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‘Pag-asa’ For A Better Future In The Philippines

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About one month ago, millions of lives were changed forever when the Philippines was struck by one of the strongest typhoons to ever hit land — Typhoon Haiyan. 

The typhoon was as powerful as a category five hurricane. About 4,000 lives were taken and more than two million families were left without basic necessities such as food, water and shelter.

To remember victims, the Filipino Student Association at the University of Florida held a candlelight vigil Monday night. Students gathered at the Architecture Building Atrium at UF in commemoration of the families and friends affected by the typhoon, as well as the rest of the Filipino community.

The president of FSA, Andrea Espulgar, was one of the attendees who said she had a lot to be grateful for.

“We weren’t able to contact (my family) for a few days which worried us a lot,” Espulgar said. “Eventually, we got in contact with them and they are all alive. They are doing OK. They are scattered everywhere trying to find a safe place just like everyone there.”

Alexander Cena, director of  Asian Pacific Islander American Affairs at UF, spoke at the vigil about his personal connection to this devastating natural disaster.

“It’s my mom’s place where she is from,” Cena said. “It’s still scary to think that you have family that you’ve met or haven’t met that were put in harms way.”

The candle lighting ceremony was followed by a prayer and a moment of silence to remember all those affected by the typhoon. The night concluded with a musical performance by Sidesweep, a band made up of two FSA members.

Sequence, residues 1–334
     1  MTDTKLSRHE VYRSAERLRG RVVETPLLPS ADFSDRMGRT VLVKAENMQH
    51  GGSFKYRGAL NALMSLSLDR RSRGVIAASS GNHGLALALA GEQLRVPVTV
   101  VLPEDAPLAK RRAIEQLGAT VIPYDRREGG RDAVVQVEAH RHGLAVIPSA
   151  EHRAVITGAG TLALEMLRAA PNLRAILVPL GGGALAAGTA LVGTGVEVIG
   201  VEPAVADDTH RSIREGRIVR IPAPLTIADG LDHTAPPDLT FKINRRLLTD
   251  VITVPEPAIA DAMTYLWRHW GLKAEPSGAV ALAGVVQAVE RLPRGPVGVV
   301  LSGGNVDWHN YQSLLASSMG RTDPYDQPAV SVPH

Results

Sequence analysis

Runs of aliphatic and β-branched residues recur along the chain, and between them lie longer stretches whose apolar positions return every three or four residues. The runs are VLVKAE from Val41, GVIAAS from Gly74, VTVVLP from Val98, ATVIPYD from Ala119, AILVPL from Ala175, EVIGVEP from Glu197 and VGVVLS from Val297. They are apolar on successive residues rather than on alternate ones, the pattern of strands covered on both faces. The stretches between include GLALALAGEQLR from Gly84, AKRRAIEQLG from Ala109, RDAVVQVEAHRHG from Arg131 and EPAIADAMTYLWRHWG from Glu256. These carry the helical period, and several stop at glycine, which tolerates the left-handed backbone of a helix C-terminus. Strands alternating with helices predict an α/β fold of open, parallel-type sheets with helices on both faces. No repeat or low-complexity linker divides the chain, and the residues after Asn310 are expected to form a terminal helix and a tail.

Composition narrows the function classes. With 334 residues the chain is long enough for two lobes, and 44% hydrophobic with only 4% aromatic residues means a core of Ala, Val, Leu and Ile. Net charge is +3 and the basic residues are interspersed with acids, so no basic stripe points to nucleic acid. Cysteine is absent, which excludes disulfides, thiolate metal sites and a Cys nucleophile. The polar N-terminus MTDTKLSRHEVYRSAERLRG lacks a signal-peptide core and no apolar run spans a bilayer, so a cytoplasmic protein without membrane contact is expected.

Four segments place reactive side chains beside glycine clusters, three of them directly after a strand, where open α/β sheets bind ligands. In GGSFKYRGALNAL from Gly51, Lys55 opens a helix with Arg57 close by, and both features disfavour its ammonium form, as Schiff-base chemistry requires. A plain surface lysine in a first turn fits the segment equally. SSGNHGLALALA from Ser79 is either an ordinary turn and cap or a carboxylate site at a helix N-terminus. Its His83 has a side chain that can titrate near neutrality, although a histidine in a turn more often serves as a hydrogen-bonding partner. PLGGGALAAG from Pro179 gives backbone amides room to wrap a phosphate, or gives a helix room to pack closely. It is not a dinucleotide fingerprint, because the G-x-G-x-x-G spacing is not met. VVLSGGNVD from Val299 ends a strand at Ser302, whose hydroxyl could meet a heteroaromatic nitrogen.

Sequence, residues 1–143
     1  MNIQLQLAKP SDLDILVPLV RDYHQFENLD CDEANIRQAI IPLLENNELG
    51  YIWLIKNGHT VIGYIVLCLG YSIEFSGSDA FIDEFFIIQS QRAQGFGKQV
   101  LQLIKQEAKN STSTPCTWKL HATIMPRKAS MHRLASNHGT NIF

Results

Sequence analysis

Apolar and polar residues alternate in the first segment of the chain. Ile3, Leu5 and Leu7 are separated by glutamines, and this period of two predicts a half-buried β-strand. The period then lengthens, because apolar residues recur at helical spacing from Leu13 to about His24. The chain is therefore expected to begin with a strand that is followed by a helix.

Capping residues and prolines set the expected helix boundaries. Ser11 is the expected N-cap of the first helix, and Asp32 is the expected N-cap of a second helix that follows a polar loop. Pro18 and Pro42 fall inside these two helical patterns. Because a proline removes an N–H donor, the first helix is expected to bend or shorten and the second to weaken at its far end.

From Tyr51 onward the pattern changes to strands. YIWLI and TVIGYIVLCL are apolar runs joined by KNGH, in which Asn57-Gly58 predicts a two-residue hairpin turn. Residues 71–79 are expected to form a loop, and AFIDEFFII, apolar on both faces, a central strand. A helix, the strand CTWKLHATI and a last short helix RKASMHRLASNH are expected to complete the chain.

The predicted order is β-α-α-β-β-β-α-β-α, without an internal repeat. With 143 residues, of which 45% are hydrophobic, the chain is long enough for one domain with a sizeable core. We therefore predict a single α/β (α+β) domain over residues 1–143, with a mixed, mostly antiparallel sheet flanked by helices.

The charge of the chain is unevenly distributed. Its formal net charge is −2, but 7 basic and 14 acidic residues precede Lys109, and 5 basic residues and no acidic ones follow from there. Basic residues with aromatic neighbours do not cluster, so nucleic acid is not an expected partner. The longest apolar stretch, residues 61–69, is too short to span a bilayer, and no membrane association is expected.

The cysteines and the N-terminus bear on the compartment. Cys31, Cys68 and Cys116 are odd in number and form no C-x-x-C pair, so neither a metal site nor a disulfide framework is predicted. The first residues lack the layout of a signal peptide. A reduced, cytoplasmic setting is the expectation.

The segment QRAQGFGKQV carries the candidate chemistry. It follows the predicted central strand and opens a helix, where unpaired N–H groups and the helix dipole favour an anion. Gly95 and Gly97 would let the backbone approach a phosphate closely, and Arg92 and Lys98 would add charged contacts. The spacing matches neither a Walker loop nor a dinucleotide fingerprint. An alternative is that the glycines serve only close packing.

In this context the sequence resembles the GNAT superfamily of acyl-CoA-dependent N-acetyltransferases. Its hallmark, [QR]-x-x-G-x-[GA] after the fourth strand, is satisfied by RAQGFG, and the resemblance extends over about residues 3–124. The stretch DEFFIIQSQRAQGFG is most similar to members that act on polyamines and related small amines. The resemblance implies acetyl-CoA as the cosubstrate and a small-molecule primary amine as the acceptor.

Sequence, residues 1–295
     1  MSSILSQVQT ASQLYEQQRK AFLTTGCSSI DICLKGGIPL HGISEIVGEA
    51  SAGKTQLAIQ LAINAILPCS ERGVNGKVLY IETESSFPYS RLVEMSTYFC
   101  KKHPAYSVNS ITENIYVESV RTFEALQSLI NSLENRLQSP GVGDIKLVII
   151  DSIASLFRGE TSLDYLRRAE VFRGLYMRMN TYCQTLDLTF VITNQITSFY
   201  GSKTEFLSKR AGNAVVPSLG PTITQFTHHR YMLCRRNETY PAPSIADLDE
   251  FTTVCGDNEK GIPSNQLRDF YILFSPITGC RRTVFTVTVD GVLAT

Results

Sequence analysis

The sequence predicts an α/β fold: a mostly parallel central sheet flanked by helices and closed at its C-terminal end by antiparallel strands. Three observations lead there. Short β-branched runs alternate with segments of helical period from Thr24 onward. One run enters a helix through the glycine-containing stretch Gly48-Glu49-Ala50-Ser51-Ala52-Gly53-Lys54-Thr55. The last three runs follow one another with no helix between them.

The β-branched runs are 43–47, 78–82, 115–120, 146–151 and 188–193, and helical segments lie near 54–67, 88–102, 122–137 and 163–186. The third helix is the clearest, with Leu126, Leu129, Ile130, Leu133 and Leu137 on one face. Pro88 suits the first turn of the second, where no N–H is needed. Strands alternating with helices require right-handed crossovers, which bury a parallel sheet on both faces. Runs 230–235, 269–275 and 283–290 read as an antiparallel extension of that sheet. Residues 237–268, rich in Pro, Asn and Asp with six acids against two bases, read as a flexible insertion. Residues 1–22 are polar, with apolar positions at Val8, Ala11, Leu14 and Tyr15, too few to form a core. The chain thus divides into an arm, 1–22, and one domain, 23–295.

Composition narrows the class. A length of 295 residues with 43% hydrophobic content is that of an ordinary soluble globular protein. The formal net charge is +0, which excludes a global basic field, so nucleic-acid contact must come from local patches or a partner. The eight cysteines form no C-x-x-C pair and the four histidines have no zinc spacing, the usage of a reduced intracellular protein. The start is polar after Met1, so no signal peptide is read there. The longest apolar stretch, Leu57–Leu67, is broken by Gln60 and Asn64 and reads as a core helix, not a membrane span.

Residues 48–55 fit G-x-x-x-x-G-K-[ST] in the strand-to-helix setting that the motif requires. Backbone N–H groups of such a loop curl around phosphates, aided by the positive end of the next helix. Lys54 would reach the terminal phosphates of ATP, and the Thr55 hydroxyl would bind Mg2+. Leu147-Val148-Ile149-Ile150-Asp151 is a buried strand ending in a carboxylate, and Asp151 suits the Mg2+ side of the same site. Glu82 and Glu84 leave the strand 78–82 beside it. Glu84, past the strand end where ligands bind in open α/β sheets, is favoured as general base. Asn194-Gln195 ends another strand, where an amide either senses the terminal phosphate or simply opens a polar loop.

The candlelight vigil was not only to remember those affected by the typhoon, but also to bring hope.

“Habang may buhay, may pag-asa” which translates to “as long as there is life, there is hope,” reminded people to remember this time and to hope for the rebuilding of the country.

FSA Advisor, Abby Estilong, wanted the world to remember this disaster. Her “pag-asa” was that the community will continue to help the Philippines until it is rebuilt and stable once again.

“We cannot stop after the initial give,” Estilong said. “We have to continue to remember. My hope is that we continue for the years until Tacloban is rebuilt”

FSA has a goal to raise $2,500 by the end of the semester to send to the victims of Typhoon Haiyan. One hundred percent of the money raised will be contributed to the Gawad Kalinga Program, where it will be used to distribute packages, rebuild homes and help the victims.

Donation are being accepted f0r the UF Filipino Student Association’s relief effort at haiyan.uffsa.org.

About Katherine Graubard

Katherine is a reporter who can be contacted by calling 352-392-6397 or emailing news@wuft.org.

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